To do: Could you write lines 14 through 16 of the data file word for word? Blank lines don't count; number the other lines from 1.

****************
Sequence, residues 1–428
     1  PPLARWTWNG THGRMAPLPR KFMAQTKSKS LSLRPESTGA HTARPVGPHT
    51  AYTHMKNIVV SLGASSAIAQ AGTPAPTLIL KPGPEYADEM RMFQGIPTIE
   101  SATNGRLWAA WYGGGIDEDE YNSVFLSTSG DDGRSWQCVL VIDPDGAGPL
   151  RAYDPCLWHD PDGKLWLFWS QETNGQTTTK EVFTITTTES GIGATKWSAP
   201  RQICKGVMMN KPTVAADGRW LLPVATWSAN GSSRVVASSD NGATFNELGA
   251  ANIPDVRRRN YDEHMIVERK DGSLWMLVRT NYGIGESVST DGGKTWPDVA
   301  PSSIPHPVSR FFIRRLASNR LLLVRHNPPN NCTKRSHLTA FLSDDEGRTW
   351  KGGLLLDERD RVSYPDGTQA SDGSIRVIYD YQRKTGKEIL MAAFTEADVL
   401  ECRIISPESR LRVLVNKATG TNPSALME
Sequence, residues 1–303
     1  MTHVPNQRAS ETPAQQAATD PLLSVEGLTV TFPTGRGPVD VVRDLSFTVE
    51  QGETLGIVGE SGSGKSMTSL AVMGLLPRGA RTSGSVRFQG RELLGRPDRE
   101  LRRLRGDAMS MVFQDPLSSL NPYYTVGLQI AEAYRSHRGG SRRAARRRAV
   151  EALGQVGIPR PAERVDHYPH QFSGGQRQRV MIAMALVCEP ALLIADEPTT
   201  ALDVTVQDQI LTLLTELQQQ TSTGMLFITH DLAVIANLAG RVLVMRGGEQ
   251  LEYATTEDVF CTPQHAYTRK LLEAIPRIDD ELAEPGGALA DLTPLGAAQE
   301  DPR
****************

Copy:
   101  LRRLRGDAMS MVFQDPLSSL NPYYTVGLQI AEAYRSHRGG SRRAARRRAV
   151  EALGQVGIPR PAERVDHYPH QFSGGQRQRV MIAMALVCEP ALLIADEPTT
   201  ALDVTVQDQI LTLLTELQQQ TSTGMLFITH DLAVIANLAG RVLVMRGGEQ